Media outlets should always use the current and accurate pronoun to refer to a transgender person, and should never reveal a trans person's birth name without their explicit permission. When a public figure transitions, there may be a brief period of time where journalists refer to their birth name in order to report on the transition. However, after the person's new name becomes common knowledge, it is unnecessary and disrespectful to continue referring to their old name.

    Gillian Branstetter, media relations manager at the National Center for Transgender Equality: “Rarely is someone’s prior name relevant to your story, and including it only draws more attention to the individual’s status as a transgender person.”

    I strongly encourage reporters to use a subject’s current name and only their current name unless otherwise permitted by the person themselves. Rarely is someone’s prior name relevant to your story, and including it only draws more attention to the individual’s status as a transgender person when, as was the case in Manning’s story, it’s not relevant to the main narrative of the article. I would encourage reporters to ask themselves if they would do the same for someone who had changed their name after, say, a marriage or a divorce.

    There are transgender people who may be fine with someone noting or mentioning their prior name, and doing so in an article is fine with that expressed permission. But to ensure the privacy of all parties are protected, I encourage reporters to hedge on the side of courtesy and respect by using a person’s current name only.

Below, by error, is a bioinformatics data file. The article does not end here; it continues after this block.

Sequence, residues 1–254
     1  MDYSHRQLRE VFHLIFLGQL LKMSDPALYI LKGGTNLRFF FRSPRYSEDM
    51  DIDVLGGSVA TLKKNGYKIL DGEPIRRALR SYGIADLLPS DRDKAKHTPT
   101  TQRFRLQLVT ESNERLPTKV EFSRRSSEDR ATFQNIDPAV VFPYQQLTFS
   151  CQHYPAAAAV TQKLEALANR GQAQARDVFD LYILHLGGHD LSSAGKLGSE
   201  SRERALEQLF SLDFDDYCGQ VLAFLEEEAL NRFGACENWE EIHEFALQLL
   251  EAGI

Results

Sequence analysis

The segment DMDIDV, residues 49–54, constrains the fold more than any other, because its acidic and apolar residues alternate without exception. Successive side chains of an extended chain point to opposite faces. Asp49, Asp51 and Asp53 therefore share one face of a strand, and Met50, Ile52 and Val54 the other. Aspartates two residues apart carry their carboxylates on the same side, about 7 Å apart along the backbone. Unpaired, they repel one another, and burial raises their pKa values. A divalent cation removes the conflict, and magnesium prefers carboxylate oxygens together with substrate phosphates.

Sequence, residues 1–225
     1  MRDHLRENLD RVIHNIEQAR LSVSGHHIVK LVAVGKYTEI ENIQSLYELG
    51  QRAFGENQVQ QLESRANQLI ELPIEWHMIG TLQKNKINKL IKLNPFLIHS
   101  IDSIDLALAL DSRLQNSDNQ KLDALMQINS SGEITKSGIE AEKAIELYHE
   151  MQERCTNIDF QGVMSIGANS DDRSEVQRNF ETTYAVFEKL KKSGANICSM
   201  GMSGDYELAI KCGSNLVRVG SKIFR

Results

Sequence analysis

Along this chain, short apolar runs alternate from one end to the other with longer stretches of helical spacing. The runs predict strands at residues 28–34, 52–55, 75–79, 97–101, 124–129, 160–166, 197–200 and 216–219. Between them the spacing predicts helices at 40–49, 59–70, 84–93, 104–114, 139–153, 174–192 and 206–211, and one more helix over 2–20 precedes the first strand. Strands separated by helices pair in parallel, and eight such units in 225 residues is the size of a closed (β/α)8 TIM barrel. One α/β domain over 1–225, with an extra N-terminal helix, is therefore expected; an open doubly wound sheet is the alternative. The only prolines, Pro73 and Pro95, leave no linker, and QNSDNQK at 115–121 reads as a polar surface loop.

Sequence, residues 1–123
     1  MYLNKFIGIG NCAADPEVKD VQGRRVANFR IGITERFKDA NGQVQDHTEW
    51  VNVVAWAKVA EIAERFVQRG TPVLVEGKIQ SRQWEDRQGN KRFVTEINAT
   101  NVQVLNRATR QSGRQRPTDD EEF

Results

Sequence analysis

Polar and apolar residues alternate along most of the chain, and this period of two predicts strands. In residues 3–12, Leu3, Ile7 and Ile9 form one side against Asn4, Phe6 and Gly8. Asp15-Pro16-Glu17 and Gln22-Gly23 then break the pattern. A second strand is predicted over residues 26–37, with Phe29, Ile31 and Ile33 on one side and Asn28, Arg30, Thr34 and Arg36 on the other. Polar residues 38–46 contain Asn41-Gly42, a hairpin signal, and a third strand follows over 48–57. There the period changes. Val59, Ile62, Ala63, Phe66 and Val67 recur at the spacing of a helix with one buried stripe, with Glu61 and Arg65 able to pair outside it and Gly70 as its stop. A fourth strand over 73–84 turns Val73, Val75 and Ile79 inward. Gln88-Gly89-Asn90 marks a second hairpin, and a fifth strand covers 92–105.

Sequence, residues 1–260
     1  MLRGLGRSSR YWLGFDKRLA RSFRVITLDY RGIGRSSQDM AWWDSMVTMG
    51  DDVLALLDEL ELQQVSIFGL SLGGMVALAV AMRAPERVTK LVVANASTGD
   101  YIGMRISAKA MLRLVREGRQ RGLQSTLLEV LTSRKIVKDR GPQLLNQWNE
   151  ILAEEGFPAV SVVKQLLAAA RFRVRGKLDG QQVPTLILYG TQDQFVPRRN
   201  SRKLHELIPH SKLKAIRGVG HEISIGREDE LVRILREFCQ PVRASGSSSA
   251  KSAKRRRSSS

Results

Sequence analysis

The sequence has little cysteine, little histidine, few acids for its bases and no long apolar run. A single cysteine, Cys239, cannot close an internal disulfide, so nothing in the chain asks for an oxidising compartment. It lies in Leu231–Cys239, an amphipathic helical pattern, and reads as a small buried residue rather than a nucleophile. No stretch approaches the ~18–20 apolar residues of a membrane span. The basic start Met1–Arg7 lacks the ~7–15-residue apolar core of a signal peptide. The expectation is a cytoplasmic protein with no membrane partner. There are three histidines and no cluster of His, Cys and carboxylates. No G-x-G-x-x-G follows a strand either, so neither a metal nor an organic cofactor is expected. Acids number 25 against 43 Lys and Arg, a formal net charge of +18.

To add on to one of Branstetter’s points, you wouldn’t go out of your way to refer to a woman who changed her name from “Smith” to “Jones” after exiting a marriage as “Mrs. Smith” just because you happen to be describing an event that occurred when that was the name she went by. In fact, doing so would come off as rude. The same goes for referring to trans people’s pasts.

    The Associated Press and The New York Times both spell out these guidelines in their in-house style guides.

    For individuals who have changed their names, the AP Stylebook instructs journalists to “use the name by which a person currently lives or is widely known. Include a previous name or names only if relevant to story.”

    In the case of Manning’s most recent mentions in the news, her former name was almost certainly not relevant to the story. Barring the need to quote from a specific document using her former name, it’s unnecessary to note that she was known by something else at the time.

    In its entry for “gender,” the AP is unambiguous about which name journalists should use: “Use the name by which a transgender person now lives. … Refer to a previous name only if relevant to the story.” The guide even includes an example for how to refer to a trans person in the event that it is relevant to include a former name: “Caitlyn Jenner, who won a 1976 Olympic gold medal in decathlon as Bruce Jenner.”

    In Jenner’s case, a reference to her former name in a story about her Olympic victory might make sense, as the story becomes confusing if you somehow aren’t aware that she’s transgender. In Manning’s situation, unless a story is about legal battles undertaken to access hormone replacement therapy or her fight to legally update her name in April 2014, references to her trans status, former name, or former pronouns are unnecessary, as her gender was not central to the story.

    The 2015 edition of The New York Times Manual of Style and Usage guides journalists to “cite a person’s transgender status only when it is pertinent and its pertinence is clear to the reader.” Additionally, it reads: “Unless a former name is newsworthy or pertinent, use the name and pronouns (he, his, she, her, hers) preferred by the transgender person. If no preference is known, use the pronouns consistent with the way the subject lives publicly.”

    Resistance to accurately referring to trans people by the names and pronouns requested sends a clear message about whose identities are considered legitimate and whose aren’t.